Guest Author: Kevin Langford
Nothing is more frequently opened by mistake than our mouth. Can you relate? Can you recall saying something only to regret it? The great poet Robert Frost once said,
“Half the world is composed of people who have something to say and cannot say it. The other half is composed of people who have nothing to say and keep on saying it anyway.”
We all have trouble controlling our tongue. James 1:26 says, “If anyone thinks he is religious and does not bridle his tongue but deceives his heart, this person’s religion is worthless.” The Bible puts a premium on our ability to control our speech. Proverbs 13:3 conveys, “Whoever guards his mouth preserves his life; he who opens wide his lips comes to ruin.” Peter added, “Whoever desires to love life and see good days, let him keep his tongue from evil and his lips from speaking deceit” (1 Peter 3:10). Possibly the most widely known passage involving our speech is found in James 3:3-4. “If we put bits into the mouths of horses so that they obey us, we guide their whole bodies as well. Look at the ships also: though they are so large and are driven by strong winds, they are guided by a very small rudder wherever the will of the pilot directs.”
Scripture implores us to avoid ungodly speech at all cost. Notice what it says about gossip. “For lack of wood the fire goes out, and where there is no whisperers, quarreling ceases” (Proverbs 26:20). Several years ago, I worked as a youth minister. There were a few kids in the youth group who were constantly fueling controversy. When asked about it, one of the teens admitted they loved to fuel drama! Sadly, it wasn’t until these kids graduated and went off to college, that the youth group was able to enjoy a time of peace. The proverb writer goes on to convey that gossip cannot be trusted. “Whoever goes about slandering reveals secrets, but he who is trustworthy in spirit keeps a thing covered” (Proverbs 11:13). I once read and have since learned, if someone is willing to share someone else’s confidential information with ME; they are also willing to share my confidential information with someone ELSE.
In spite of these teachings, far too often, we too, have trouble controlling our words. So how do we get rid of ungodly speech?
Realize We Are Accountable For Our Words (Matthew 12:36-37)
I must admit this truth has often struck fear within me. I find it somewhat frightening to be reminded of the fact that I must give an account for EVERY word that I have ever said. Some have wondered, “How this can be?” I don’t know, but somehow God will retrieve our words. Others have said, “EVERY word? That will take forever!” What is the rush…we have all eternity.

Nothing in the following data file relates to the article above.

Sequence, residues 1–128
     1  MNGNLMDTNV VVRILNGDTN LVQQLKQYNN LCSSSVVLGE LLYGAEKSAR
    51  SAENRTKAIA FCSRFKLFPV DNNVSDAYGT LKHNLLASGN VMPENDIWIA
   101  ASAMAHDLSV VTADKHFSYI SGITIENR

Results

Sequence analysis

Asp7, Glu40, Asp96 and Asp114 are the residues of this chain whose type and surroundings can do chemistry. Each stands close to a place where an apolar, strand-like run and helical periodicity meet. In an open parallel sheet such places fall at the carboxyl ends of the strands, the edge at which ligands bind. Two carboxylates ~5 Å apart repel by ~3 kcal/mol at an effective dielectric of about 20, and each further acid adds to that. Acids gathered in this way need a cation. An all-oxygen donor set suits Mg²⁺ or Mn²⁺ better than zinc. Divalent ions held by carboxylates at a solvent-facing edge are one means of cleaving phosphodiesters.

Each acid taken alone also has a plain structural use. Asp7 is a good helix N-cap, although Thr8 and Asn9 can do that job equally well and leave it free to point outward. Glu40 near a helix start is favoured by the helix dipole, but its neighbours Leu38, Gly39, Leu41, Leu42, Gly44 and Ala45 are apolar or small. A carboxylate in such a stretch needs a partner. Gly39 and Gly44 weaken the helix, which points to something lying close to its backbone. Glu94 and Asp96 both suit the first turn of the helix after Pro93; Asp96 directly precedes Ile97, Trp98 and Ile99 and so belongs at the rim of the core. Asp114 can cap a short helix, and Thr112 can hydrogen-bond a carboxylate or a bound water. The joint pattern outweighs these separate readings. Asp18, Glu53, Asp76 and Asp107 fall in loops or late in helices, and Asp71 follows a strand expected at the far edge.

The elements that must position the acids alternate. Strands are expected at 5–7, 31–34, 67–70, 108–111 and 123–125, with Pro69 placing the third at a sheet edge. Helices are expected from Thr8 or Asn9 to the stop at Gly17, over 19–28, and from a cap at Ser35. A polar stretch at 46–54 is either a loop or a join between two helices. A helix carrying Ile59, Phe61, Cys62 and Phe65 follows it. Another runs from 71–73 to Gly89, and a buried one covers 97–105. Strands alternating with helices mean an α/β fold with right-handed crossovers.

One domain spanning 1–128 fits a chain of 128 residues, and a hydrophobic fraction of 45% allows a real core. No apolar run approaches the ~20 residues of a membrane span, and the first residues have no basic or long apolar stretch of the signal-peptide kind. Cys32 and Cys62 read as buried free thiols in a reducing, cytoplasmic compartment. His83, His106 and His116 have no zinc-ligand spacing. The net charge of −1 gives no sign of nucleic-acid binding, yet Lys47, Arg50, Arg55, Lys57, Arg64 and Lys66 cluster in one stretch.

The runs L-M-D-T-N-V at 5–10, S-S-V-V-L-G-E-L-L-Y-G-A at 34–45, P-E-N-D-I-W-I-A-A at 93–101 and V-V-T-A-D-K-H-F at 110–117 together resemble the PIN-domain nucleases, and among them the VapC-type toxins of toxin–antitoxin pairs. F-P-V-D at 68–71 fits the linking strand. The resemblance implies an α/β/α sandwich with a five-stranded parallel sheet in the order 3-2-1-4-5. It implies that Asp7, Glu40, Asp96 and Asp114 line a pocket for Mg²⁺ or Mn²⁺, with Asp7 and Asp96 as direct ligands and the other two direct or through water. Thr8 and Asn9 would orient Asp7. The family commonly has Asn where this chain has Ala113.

Study and Memorize Scriptures Concerning Our Speech.
Consider writing out scriptures such as Proverbs 13:3; 29:20; and Ephesians 4:29. Place them on sticky notes on your bathroom mirror or on your computer monitor for frequent viewing.
Refuse to Give a Bad Report About Anyone You Have Not Confronted (Matthew 18:15)
An old gospel preacher had a proven system to help destroy gossip and misunderstandings. If anyone came up to him and began to share something negative about another person, he would simply tell them to hold on. He would then get the person whom was being discussed to resolve any dispute. It is never easy to confront another person. However; we know it is both commanded and accompanied with the promise that our Lord will be there with us as we strive to work out our differences (Mt 18:20).
Abstain From All Forms of Lying.
Lying comes in various forms. a) Blatant Untruths, b) Exaggeration, and c) Distortion. My children constantly exaggerate things when they don’t get their way. “You NEVER let me watch television,” “You NEVER let me go outside,” “You NEVER let me…” Similarly, we do the same thing with our spouses when we argue. “You NEVER do anything for me!” When we distort the truth we bend facts to fit our needs. I heard an old preacher’s story about a man who wanted to get out of work so he could study. He asked his wife, “What’s for dinner?” She said fish. He went into the bedroom, lay on the bed, and tossed the frozen fish up into the air. He then told his wife to call his boss and tell him that he was flat on his back and just threw up his dinner! What he said was true but distorted into a lie.
Develop the Art of Silence (Proverbs 17:27-28)
You will never have to explain what you don’t say.
Fill Your Mind with Positive Input (Matthew 12:34-35)
Our speech is a direct reflection of what we are putting into our hearts and minds. Paul encourages the Philippian church to focus on the things that are true, honorable, just, pure, lovely, commendable (Phil 4:8). It has also been said, “Garbage In/ Garbage Out.” I recently heard, “Godly In/Godly Out.”
Elect to Find Something Good in Others
Far too often we only see the fault in others and don’t see the good in them. When we focus on the positives, we are doing our part in encouraging them and helping turn a negative situation into a positive.
Poor speech is a result of a hostile attitude towards someone else. It is a heart condition that needs to be tended to. My prayer in the mentioned suggestions is that they will serve to be a source of strength and encouragement to you. If you have any other recommendations on how to improve our speech, please share them in the comments below. May God bless you richly!
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In Rest in Green Pastures, ten shepherds offer encouragement, help, and hope for common struggles faced by church leaders. Topics covered include the New Testament’s vision of a shepherd’s role and responsibilities, the training and appointment of new elders, and the role of an elders’ wife. Written by men with a combined seventy years of service as overseers, Rest in Green Pastures offers a helping hand to those tasked with the most important job in the world.